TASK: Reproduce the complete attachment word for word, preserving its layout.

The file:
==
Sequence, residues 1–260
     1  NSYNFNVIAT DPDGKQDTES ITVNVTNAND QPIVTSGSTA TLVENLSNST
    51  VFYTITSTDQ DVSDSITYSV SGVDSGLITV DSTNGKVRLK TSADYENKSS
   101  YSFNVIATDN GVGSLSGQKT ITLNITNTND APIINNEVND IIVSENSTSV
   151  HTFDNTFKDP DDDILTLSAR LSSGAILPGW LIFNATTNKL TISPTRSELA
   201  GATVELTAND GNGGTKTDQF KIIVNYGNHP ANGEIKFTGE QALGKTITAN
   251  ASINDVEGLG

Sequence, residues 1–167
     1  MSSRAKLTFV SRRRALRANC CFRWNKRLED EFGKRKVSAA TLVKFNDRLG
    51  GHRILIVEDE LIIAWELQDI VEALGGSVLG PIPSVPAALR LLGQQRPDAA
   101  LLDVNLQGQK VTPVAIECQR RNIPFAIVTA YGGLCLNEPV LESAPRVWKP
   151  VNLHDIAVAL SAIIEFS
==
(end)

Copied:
Sequence, residues 1–260
     1  NSYNFNVIAT DPDGKQDTES ITVNVTNAND QPIVTSGSTA TLVENLSNST
    51  VFYTITSTDQ DVSDSITYSV SGVDSGLITV DSTNGKVRLK TSADYENKSS
   101  YSFNVIATDN GVGSLSGQKT ITLNITNTND APIINNEVND IIVSENSTSV
   151  HTFDNTFKDP DDDILTLSAR LSSGAILPGW LIFNATTNKL TISPTRSELA
   201  GATVELTAND GNGGTKTDQF KIIVNYGNHP ANGEIKFTGE QALGKTITAN
   251  ASINDVEGLG

Sequence, residues 1–167
     1  MSSRAKLTFV SRRRALRANC CFRWNKRLED EFGKRKVSAA TLVKFNDRLG
    51  GHRILIVEDE LIIAWELQDI VEALGGSVLG PIPSVPAALR LLGQQRPDAA
   101  LLDVNLQGQK VTPVAIECQR RNIPFAIVTA YGGLCLNEPV LESAPRVWKP
   151  VNLHDIAVAL SAIIEFS